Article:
Talk:Infinite monkey theorem

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Infinite monkey theorem is a former featured article. Please see the links under Article milestones below for its original nomination page (for older articles, check the nomination archive) and why it was removed.
This article appeared on Wikipedia's Main Page as Today's featured article on October 31, 2004.
Article milestones
DateProcessResult
September 28, 2004Featured article candidatePromoted
March 9, 2007Featured article reviewKept
October 4, 2012Featured article reviewDemoted
Current status: Former featured article

Possible addition to the "Almost surely" Section

Just an idea to give someone a laugh. May I suggest that after 'or "Three, Six, Nine, Twelve…"', you include the concept that the monkey could decide to type out the Wikipedia Article describing his situation. This highlights the random nature of the monkey but also suggests that, in a very meta manner, it was in fact the Infinite Monkey who wrote a Wikipedia Article on himself (not to offend the author). I know Wikipedia is not the place for jokes, but I'd argue this adds to the quality of the article rather than compromising it. Wag1Pat (talk) 23:01, 8 August 2022 (UTC)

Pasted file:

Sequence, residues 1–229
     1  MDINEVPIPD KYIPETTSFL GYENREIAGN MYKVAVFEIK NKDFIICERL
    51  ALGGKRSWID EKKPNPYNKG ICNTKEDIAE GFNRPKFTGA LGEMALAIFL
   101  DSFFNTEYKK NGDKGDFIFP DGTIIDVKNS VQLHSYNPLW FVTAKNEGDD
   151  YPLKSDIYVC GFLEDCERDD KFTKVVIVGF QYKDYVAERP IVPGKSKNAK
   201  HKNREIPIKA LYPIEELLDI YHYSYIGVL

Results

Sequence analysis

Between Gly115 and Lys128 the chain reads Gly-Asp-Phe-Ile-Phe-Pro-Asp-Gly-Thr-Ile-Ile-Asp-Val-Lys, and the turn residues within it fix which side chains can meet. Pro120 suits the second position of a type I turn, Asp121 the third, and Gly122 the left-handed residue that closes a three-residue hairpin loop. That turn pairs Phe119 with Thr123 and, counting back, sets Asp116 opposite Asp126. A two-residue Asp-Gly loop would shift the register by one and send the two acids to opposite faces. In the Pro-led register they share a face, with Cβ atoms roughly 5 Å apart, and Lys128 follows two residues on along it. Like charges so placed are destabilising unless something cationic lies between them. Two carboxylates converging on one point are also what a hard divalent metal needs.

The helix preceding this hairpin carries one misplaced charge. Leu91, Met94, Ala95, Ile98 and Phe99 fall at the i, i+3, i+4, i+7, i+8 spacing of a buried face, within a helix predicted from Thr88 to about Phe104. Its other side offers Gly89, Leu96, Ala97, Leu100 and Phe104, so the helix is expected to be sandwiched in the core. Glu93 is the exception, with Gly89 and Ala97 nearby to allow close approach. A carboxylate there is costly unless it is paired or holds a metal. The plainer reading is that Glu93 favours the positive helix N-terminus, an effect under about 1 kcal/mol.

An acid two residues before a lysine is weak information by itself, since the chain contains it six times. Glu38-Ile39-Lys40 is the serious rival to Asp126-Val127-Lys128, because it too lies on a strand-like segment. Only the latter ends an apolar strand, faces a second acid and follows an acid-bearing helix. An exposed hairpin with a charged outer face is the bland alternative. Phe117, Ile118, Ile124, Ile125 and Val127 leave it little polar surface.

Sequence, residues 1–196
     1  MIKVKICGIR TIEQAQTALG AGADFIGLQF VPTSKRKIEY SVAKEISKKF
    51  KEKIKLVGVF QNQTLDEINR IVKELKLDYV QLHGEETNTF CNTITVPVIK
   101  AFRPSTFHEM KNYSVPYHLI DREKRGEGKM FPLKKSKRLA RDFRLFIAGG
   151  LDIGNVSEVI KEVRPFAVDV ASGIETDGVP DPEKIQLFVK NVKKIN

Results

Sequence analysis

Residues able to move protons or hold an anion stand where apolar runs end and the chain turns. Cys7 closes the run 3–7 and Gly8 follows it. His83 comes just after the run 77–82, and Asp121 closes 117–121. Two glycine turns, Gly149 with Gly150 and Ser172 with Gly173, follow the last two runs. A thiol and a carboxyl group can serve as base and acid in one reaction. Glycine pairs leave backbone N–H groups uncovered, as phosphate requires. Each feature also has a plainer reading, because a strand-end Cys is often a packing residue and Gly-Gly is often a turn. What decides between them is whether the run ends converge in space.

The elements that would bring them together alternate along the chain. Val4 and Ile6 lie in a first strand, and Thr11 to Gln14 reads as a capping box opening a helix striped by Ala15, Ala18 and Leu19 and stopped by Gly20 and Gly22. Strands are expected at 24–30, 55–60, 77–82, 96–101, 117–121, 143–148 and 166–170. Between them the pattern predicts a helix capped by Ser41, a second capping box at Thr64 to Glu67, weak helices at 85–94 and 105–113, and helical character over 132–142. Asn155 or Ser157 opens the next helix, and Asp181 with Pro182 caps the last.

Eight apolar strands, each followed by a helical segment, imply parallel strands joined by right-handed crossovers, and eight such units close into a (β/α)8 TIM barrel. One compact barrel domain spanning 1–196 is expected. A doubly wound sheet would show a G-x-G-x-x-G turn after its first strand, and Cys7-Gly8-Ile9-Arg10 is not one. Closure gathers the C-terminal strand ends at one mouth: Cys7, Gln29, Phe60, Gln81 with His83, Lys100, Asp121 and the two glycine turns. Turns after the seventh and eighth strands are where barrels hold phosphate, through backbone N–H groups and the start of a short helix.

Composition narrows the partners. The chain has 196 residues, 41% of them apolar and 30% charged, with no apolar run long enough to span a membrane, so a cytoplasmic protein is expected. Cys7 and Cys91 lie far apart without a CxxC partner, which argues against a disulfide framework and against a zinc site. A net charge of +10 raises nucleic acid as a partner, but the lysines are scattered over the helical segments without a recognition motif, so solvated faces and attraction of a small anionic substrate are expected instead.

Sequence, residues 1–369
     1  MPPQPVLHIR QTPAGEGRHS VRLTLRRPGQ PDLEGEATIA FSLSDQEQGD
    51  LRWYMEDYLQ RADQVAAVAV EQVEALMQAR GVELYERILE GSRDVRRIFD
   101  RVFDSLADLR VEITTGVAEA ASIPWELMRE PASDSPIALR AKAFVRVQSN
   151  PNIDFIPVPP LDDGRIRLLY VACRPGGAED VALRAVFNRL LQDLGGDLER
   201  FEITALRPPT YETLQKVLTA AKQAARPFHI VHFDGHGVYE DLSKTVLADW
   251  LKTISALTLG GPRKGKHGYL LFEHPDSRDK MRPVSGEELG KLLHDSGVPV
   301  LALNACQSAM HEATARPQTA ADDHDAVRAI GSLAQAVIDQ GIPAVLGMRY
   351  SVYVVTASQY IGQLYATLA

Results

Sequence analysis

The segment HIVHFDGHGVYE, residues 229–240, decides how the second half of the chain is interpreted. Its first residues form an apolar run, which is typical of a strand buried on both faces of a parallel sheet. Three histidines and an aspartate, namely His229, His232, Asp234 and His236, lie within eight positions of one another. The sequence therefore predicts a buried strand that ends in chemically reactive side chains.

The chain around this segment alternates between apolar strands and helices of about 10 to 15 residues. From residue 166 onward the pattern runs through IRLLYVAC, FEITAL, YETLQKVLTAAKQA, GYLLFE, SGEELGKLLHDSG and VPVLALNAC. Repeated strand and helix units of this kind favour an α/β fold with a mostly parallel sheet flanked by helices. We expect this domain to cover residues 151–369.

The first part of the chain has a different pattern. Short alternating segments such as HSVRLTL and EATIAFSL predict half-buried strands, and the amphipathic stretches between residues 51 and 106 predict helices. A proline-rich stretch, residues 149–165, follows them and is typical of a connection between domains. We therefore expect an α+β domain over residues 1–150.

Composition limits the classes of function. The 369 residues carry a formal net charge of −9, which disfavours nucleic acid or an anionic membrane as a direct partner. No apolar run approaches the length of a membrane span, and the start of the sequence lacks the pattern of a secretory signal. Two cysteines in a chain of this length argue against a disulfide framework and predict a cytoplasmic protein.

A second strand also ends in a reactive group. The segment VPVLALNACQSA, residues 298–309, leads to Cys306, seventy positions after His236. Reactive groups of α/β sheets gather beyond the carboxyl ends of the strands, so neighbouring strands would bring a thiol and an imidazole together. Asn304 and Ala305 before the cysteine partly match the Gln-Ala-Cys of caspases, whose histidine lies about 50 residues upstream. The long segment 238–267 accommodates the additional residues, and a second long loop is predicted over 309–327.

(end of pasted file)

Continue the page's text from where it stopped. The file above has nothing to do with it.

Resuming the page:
Semi-protected edit request on 22 August 2022

Edit precludes to 1.2. Probabilities

Inclusion of the Eddington Number as the calculation for protons in the observable universe

Change X to Y if:

X: Even if every proton in the observable universe were a monkey with a typewriter, typing from the Big Bang until the end of the universe (when protons might no longer exist), they would still need a far greater amount of time – more than three hundred and sixty thousand orders of magnitude longer – to have even a 1 in 10500 chance of success.

Y: Even if every proton in the observable universe (which, according to [number|the Eddington Number] NEdd, is approximately 10^80) were a monkey with a typewriter, typing from the Big Bang until the end of the universe (when protons might no longer exist), they would still need a far greater amount of time – more than three hundred and sixty thousand orders of magnitude longer – to have even a 1 in 10500 chance of success. Wag1Pat (talk) 11:32, 22 August 2022 (UTC)

Done with a light rephrase.
Basedeunie042 (talk) 18:14, 28 August 2022 (UTC)